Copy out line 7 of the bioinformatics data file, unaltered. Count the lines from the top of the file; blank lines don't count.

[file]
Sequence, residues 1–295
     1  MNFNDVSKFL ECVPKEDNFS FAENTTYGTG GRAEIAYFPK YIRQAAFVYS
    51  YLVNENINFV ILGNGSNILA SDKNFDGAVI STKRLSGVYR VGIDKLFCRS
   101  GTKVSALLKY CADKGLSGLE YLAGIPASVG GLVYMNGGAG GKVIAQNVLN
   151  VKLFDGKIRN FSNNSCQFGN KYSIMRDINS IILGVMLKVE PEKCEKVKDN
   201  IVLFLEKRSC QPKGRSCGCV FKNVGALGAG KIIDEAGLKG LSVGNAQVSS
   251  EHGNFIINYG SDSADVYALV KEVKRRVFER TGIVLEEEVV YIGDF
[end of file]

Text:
   251  EHGNFIINYG SDSADVYALV KEVKRRVFER TGIVLEEEVV YIGDF